Opinion | What if the Ache By no means Ends?

I also began to see how my stubbornness in the face of this pain, my struggle to defeat it with willpower, reflected the stubborn denial I held onto in the hands of my drug addiction. I was always overwhelmed by my feelings and tried to deactivate them, to deny them, to defeat them. Of course I couldn’t. I saw my addiction as a condition that could be treated but not cured. To stay sober, I had to learn to accept my emotional pain and tolerate my own feelings. I also had to accept something that my exaggerated self was most afraid of: that I needed help. But somehow in the depths of my journey through back pain I didn’t see the connection and kept fighting and fighting.

I religiously practiced my physical therapy exercises and saw my chiropractor. Over the course of many months my condition improved and eventually went into remission for two years. I threw off the foam jigs and went back to my writing as I slowly walked down the treadmill desk I graduated from. I believed my body was fixed.

But last fall, shortly after I moved from Brooklyn to Iowa City, the pain in my back returned, bringing with it an unbearable three months of sciatica. I went to a sports medicine clinic, then a neurologist, and finally a pain clinic. I took new types of muscle relaxants, mostly ineffective, and gabapentin, which helped. An MRI showed me the herniated disc that was causing my pain.

After a steroid injection into my piriformis – about as comfortable as it sounds – and a noticeable improvement, I risked an artist residency in New Hampshire. Five days later, the pain had pressed me to the floor and could no longer walk. There I was again: I needed help.

My 65 year old mother had to drive six hours to scratch me and pack all of my things. In the weeks that followed, she found me walking, took me to a clinic for a steroid injection of the spine, and one excruciating night made a makeshift bedpan out of Tupperware. I do not lose the privilege of having someone willing and able to look after me in this way with love and without pay.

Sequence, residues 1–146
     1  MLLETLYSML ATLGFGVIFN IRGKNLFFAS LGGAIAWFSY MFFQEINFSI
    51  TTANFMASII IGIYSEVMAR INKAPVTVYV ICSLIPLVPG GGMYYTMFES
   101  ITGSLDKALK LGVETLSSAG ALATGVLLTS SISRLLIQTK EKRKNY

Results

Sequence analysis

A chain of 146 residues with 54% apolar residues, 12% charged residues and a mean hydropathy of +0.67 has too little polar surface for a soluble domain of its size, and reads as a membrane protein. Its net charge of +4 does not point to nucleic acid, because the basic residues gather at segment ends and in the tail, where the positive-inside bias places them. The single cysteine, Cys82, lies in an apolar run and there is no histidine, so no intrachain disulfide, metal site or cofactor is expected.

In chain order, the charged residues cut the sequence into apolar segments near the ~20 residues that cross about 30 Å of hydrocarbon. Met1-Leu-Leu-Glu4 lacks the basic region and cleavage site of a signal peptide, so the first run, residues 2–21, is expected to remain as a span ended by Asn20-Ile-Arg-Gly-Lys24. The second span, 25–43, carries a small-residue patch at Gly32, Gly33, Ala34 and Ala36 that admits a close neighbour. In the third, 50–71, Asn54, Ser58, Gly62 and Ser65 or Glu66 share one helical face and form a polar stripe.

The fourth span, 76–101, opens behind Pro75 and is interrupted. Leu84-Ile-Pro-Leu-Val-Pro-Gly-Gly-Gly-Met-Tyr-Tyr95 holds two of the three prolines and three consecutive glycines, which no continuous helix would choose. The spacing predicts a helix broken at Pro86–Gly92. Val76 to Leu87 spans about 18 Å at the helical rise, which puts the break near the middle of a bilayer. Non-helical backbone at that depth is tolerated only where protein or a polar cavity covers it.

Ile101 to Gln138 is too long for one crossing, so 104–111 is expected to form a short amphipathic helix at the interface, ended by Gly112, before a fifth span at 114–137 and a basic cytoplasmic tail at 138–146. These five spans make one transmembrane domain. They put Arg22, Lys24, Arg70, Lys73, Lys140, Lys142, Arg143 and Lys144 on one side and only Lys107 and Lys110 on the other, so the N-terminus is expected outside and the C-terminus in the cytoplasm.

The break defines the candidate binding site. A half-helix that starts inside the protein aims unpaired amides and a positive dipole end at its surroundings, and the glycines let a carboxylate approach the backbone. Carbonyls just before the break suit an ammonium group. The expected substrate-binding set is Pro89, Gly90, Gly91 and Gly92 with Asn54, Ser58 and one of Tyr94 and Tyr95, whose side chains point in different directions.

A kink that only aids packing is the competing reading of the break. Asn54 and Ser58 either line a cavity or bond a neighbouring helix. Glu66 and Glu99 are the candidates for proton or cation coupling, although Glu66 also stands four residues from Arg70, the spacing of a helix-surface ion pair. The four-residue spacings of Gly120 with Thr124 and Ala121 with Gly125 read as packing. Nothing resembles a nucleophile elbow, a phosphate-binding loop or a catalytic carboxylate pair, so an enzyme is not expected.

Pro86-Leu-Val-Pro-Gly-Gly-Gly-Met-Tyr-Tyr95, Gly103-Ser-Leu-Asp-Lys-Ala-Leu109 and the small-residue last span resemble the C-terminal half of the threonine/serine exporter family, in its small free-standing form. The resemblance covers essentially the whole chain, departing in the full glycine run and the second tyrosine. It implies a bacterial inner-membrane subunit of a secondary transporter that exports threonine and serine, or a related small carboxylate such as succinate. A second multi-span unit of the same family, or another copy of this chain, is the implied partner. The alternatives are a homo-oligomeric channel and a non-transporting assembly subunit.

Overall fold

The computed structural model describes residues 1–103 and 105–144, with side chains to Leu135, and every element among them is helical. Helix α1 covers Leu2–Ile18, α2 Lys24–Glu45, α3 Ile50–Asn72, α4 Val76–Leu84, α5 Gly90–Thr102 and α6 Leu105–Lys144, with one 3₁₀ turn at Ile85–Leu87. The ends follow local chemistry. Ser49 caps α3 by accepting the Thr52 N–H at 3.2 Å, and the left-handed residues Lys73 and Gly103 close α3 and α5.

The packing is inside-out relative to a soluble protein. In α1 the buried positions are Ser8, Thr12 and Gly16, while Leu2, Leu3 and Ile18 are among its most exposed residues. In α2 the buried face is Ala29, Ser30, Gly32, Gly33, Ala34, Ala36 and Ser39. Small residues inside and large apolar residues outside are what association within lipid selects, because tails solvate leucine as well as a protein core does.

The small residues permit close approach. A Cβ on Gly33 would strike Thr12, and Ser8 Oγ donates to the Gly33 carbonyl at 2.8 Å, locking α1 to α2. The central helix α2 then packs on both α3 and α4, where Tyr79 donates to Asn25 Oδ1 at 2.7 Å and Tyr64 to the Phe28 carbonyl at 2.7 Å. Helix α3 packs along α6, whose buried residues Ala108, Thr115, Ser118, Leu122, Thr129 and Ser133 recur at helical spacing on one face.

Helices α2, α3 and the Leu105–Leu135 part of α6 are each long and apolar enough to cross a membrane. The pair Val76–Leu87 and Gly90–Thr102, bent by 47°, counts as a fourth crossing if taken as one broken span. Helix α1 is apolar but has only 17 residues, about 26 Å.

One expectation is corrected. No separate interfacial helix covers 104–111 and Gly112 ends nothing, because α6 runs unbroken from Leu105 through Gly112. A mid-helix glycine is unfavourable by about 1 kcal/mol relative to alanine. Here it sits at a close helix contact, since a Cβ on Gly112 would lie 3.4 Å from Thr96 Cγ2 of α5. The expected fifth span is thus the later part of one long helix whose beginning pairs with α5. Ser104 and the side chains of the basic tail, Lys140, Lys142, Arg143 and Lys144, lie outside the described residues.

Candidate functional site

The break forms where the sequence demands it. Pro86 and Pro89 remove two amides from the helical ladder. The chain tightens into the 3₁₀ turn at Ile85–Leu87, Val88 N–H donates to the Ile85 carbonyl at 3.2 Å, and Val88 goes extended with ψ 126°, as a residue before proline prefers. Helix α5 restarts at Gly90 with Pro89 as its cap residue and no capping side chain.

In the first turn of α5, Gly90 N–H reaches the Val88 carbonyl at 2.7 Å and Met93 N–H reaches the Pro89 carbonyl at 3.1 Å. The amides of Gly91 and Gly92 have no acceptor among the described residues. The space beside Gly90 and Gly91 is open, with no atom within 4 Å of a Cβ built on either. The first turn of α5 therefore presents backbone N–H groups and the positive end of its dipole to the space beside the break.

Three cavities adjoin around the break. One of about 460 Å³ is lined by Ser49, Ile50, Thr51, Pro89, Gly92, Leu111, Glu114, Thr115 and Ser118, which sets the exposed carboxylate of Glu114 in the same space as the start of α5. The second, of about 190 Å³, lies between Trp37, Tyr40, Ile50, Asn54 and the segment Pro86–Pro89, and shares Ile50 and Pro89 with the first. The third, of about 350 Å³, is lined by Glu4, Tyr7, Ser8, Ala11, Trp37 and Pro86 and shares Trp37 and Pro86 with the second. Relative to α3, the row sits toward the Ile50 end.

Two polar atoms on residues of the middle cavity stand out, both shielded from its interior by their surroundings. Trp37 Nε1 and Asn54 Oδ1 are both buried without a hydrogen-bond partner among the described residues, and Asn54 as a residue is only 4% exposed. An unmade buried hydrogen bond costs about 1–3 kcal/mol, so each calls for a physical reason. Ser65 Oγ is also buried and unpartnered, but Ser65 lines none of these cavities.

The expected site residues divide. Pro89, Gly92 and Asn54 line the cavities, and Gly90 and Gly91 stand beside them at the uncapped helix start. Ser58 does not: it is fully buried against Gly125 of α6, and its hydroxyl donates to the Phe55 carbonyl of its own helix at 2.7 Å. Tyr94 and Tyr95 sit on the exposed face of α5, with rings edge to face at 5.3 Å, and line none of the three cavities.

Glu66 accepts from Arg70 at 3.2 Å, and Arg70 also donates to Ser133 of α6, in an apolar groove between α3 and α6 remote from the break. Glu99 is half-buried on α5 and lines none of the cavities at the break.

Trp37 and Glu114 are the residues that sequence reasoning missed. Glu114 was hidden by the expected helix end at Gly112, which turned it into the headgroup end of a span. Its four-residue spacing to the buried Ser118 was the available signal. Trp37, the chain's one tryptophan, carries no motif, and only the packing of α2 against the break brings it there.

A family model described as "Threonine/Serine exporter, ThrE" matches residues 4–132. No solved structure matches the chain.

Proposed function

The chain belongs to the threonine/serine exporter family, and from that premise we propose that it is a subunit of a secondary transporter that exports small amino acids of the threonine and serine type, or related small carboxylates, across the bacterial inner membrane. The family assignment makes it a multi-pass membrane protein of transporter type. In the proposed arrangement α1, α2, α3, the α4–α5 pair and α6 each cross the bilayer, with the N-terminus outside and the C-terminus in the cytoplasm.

Susan Sontag wrote in “Illness as a Metaphor” that “everyone who is born has dual citizenship, in the realm of the well and in the realm of the sick”. How reluctant we are to admit that there is only one kingdom and that some of us simply have not yet traveled its more rocky areas. It is inevitable. We’re all going to need care. We will all long for a place to stay. Until then, we can decide to what extent we want to indulge in the fantasy that wellness is a condition we somehow deserve, rather than a passing happiness that is guaranteed to run out.

Even when my pain has subsided, I understand that I am not “better”. I am different. Pain changed me I understand that it will return in one form or another and that I will need the care of others, and I am determined to meet it with gratitude and grace at this point. My worst nightmare is no longer living in a state of chronic pain and addiction, but rather resuming my old belief that such a life is inferior.

Melissa Febos is the author of two memoirs, Whip Smart and Abandon Me, and a new collection of essays, Girlhood.

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